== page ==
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German Shepherd Database Project

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    Pedigree of

    Countess of Cinnabar

    October 27, 1957
    AKC W991335
    Brown, Tan
    Breeder: Sanford & Jeannine B Mazel

    Notes: COI 8.44%

    Shadow of Cochise
    February 26, 1956
    AKC W829008
    Black, Silver

    Black Phantom (W80278)
    May 25, 1947
    AKC W80278
    Black, Cream

    Michael von Marina
    October 30, 1943
    AKC A865279
    Black, Cream

    Tasset of Topham
    July 25, 1945
    AKC W53876
    Black, Cream

    April of Chado
    February 26, 1954
    AKC W502593
    Black, Silver

    Ch (US) 
    Stangerda's Valiant Chief

    March 4, 1951
    AKC W254252
    Black, Silver, Brown

    Kola-Marc's Anne
    October 30, 1950
    AKC W231537
    Black, Tan

    Dame of Ridgeview
    May 7, 1954
    AKC W517577
    Black, Tan

    Von Heim Rick of Daveric
    February 16, 1952
    AKC W337082
    Black, Cream

    Captain Rex of La Grange
    May 30, 1949
    AKC W143063
    Black, Cream

    Princess Pat aus der Bertahutte
    June 27, 1950
    AKC W238257
    Black, Cream

    Frohlich Madchen of Coronet
    September 8, 1952
    AKC W487321
    Black, Tan

    Ch (US) 
    Jolly Arno of Edgetowne

    December 9, 1948
    AKC W133268
    Black, Tan

    Princess of Liebestraum
    November 24, 1950
    AKC W290639
    Silver Grey

    Legend for German Shepherd Gene Study
      White Carrier
      Black Carrier

    The German Shepherd Gene Study tracks the recessive "masking" white and recessive black genes forward through the generations.

    Genes come in different varieties, called alleles. Somatic cells contain two alleles for every gene, with one allele provided by each parent. Often, it is impossible to determine which two alleles of a gene are present within an dog's chromosomes based solely on the outward appearance of that dog. However, an allele that is hidden, or not expressed by, can still be passed on to that dog's offspring and expressed in a later generation.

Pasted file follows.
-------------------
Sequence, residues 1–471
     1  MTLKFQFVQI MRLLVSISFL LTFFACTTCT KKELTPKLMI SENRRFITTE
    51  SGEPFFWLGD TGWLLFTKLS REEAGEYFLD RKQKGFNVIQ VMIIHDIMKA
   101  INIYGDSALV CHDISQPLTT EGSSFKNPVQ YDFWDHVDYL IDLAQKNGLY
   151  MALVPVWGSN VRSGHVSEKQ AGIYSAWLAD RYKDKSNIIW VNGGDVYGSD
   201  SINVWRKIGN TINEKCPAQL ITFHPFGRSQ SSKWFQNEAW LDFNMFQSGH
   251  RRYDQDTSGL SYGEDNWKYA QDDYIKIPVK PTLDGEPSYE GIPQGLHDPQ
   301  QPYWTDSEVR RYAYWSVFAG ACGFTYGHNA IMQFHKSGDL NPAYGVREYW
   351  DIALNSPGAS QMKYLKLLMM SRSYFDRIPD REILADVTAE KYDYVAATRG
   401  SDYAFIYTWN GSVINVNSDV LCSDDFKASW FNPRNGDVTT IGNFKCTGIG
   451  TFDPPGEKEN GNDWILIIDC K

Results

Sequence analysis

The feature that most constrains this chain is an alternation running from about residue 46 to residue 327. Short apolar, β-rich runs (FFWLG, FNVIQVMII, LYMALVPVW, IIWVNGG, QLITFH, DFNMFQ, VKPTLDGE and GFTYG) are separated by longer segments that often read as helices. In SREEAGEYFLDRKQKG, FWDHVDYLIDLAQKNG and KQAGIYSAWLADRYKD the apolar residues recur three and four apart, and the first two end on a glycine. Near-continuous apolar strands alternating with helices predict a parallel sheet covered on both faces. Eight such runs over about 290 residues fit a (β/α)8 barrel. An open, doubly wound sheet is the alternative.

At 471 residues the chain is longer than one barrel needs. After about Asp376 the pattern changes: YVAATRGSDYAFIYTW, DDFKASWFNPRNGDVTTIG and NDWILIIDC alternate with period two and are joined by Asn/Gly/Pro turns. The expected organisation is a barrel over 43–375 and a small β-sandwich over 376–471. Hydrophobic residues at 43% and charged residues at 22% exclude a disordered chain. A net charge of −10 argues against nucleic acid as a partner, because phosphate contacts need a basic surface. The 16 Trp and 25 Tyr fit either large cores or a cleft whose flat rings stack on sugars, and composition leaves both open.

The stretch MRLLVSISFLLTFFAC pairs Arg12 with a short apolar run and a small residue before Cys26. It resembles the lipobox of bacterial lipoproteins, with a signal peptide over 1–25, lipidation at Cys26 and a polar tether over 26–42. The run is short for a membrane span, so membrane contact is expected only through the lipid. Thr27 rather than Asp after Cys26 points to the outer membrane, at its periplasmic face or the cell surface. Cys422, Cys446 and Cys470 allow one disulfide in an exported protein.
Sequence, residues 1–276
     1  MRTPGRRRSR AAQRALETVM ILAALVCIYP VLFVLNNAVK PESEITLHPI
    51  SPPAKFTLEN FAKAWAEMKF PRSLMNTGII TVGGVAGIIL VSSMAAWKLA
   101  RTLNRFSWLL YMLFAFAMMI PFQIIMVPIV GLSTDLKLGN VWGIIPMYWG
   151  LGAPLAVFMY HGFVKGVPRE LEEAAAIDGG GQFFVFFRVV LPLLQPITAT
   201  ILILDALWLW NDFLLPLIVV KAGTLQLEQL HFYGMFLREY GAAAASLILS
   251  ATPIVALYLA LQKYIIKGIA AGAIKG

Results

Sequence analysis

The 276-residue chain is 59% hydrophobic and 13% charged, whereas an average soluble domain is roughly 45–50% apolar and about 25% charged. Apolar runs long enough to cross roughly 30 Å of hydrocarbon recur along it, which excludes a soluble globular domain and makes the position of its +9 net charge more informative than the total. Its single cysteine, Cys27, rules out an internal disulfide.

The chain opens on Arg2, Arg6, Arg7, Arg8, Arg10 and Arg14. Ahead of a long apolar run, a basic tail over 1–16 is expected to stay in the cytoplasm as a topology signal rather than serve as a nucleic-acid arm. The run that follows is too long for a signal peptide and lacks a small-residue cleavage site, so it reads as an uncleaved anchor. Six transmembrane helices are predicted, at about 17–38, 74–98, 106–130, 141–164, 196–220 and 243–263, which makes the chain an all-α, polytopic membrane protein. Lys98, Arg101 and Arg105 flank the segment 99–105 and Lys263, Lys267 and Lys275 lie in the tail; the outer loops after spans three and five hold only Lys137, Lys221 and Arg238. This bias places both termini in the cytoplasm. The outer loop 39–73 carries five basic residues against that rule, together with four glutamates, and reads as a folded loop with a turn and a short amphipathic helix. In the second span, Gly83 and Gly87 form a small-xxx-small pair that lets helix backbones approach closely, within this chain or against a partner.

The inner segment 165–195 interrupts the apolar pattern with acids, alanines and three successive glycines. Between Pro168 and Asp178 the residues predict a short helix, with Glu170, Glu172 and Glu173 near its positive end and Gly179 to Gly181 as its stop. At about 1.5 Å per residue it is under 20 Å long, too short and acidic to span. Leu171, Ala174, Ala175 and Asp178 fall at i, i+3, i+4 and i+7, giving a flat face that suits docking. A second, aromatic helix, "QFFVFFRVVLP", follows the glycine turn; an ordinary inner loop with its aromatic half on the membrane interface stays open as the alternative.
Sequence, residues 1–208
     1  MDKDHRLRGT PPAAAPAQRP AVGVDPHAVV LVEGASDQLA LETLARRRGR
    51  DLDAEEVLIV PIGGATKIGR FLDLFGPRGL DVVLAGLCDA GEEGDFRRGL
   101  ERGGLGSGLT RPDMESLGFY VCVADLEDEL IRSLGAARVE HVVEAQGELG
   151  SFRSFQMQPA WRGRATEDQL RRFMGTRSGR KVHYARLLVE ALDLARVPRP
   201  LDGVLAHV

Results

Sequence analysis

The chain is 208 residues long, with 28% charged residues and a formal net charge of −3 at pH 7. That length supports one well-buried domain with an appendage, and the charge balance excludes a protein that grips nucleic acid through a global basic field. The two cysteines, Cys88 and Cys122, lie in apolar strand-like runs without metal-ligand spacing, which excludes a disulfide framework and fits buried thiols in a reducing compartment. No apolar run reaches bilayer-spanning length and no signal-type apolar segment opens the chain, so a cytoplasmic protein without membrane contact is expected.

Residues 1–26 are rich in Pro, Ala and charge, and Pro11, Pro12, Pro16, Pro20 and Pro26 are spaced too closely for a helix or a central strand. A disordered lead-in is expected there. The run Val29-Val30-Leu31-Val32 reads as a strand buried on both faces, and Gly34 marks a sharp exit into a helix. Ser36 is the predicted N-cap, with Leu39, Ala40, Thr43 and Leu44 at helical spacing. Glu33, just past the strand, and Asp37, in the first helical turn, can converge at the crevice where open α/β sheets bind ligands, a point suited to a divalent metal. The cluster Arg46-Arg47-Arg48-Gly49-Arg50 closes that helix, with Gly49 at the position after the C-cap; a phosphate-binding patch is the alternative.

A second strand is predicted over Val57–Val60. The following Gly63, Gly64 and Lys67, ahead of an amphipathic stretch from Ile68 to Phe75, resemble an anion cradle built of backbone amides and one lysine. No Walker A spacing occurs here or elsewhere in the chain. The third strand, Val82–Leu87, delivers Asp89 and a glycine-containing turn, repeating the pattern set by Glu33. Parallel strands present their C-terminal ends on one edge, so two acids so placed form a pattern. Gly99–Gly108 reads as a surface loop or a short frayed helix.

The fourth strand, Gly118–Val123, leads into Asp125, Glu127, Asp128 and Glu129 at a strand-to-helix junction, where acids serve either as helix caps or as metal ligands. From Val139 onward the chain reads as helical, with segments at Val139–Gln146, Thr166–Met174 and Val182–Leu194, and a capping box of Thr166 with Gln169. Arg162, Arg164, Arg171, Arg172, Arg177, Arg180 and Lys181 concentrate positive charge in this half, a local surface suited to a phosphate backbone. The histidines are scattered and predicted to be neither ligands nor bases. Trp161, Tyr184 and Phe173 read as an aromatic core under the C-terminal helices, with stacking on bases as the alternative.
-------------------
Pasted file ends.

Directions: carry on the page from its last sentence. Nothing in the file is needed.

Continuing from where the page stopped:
German Shepherds can carry one or both of the recessive white "masking" and/or the recessive black gene.

    (A masking gene masks the real color and pattern of the dog. The only way the gene can be expressed in some of the offspring is if both parents carry it. For example, when a white dog is bred to a non-white dog that does not carry the white gene, none of the offspring will express the white coat but they will be carriers of the white gene. If those offspring are bred to a white, some of their offspring will express the white coat color. White bred to white will always produce white offspring.)

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    The German Shepherd Dog Database Project makes no guarantees as to the accuracy of the data published at this site. We have made every effort to verify all entries, but the German Shepherd Dog Database Project is not a registry so all data included has been submitted by dog owners or taken from registry reports and AKC Stud Books. Please contact us to report any errors or omission.

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